Who doesn’t love to save money? It’s one of my favorite hobbies.
I mow my own lawn…I buy my own groceries. Imagine having to pay for that? A lot of money wasted, especially since it’s relatively easy.
But the hobby of saving money buy doing it yourself has diminishing returns as you move along the scale of tasks from easy to hard.
Sure I save on landscaper costs when i mow my own lawn, but when i try to add sod or cut down large trees, I run the risk of doing it improperly and inadvertently costing me more in the end when i need to replace the sod i laid down incorrectly or when i need to pay for my neighbors roof repairs when the tree i chopped down fell onto his house.
The same is true for any profession. In my industry, people try to cross lines all the time. Writers think they are voice talents, voice talents think they can write, producers think they can predict what commercial will work and what won’t.
For the most part, none of the above scenarios work. Because each professional is trained in a different yet similar aspect of the radio industry. Sometimes they overlap, and that’s where the confusion enters.
Let’s take the producer. He/she works with scripts every day of their lives, and to some extent, their opinions on a scripts worth, is…worth something. They’ve seen it all, from good to bad and all in-between. BUT, that ability to pick out a bad or good script, does NOT mean they are writers. All it means is that they have a general awareness of something they see every day. Like a building you pass by on the way to work. You know the one side of it’s wall very well. But there is a whole building inside you know nothing about…have yet to enter and probably wont.
It’s not that the producer knows nothing…they know a lot…but 99% of their knowledge is about production, and how scripts relate to their line of work. The inner workings of how that script came to be are unknown to the producer, and as such, renders what they know about writing to being very limited.
Let’s take the voice talent. They have a microphone, a computer and an audio program to record their voice. They have the basic knowledge of how to turn it all on, get a signal, record, and render to an mp3 or wav. Which is all they need to know – because their focus has always been on the read, the sound and cadence of their voice, as well it should be.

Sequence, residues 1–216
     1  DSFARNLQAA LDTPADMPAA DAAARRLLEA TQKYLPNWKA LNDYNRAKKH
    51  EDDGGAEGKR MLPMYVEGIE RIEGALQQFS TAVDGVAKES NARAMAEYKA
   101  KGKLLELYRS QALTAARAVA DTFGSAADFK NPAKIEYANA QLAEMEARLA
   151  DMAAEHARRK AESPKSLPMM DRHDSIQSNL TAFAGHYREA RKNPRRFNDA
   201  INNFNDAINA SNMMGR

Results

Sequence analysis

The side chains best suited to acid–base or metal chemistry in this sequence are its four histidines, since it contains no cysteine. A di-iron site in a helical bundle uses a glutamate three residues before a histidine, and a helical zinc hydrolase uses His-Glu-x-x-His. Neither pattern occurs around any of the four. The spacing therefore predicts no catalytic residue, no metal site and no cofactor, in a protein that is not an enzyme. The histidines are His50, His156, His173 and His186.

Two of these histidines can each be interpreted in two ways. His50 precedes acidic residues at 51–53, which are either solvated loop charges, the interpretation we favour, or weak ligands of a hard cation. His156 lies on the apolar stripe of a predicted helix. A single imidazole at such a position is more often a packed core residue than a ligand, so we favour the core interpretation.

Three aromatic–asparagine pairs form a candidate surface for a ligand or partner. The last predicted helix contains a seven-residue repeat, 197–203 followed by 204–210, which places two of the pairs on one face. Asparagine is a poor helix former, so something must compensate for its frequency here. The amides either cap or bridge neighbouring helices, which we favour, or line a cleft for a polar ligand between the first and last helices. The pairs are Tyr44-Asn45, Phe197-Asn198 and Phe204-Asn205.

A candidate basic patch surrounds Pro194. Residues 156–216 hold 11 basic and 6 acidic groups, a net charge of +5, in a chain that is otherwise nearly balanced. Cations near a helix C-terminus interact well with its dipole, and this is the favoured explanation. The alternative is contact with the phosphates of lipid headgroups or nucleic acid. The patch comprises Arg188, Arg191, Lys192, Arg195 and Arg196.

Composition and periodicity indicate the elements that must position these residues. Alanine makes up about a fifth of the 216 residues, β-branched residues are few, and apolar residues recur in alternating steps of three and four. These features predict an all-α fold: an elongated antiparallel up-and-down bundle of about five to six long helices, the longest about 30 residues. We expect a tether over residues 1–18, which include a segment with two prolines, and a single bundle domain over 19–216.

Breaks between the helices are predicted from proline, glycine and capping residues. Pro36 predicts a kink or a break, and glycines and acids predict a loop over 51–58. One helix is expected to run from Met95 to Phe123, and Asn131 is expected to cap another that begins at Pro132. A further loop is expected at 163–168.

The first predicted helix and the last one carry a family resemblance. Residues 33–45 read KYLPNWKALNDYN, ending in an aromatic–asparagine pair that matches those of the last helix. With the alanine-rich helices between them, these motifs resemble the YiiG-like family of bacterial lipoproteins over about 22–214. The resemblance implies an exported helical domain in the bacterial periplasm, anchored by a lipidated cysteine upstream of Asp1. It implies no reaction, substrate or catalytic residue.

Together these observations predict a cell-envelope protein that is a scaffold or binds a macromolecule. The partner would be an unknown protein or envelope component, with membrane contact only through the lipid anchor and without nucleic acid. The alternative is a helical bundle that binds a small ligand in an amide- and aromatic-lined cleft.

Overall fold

Some notice in their audio program, the ability to compress, eq and other effects. They have heard of these, so why not do it myself? Of course, this is similar to saying you know how to properly cut down a tree because you know what an ax is.
When voice talent start moving into the producers field, all sorts of accidents can happen. Too much compression, improper eq, sometimes even reverb is added. This has the same effect as the tree. It will cost you money since producers will shy away from using you since you have already pee’d in the pool.
Just like scripts are not a producers forte , a voice talent’s eq and compression settings are not theirs to handle. Put the ax down.
I know voice talent who tell other talent to compress the heck out of their voice, as if it will help them sound better and in turn get more work. It does not. It’s like your neighbor telling you to poison the heck out of your lawn so you won’t have to mow it anymore. Sure, you don’t have to mow it, but it’s also dead. The neighbor has no ill will, they are just ill-informed. Which makes them unprofessional.
You, and your voice, or your scripts or your productions, SHOULD be professional. Stay in your lane, and let the others do their job. Make sure what you’re doing helps the other professionals in your surrounds to do their jobs. ie: record a clean signal of a great read, don’t add ANYTHING to it, render it to the preferred format, and done.
The goal here is to let the landscaper do their work. Mowing the lawn is one thing (akin to recording your own voice) but landscaping is quite another. Let the professionals do their thing, and you can do yours.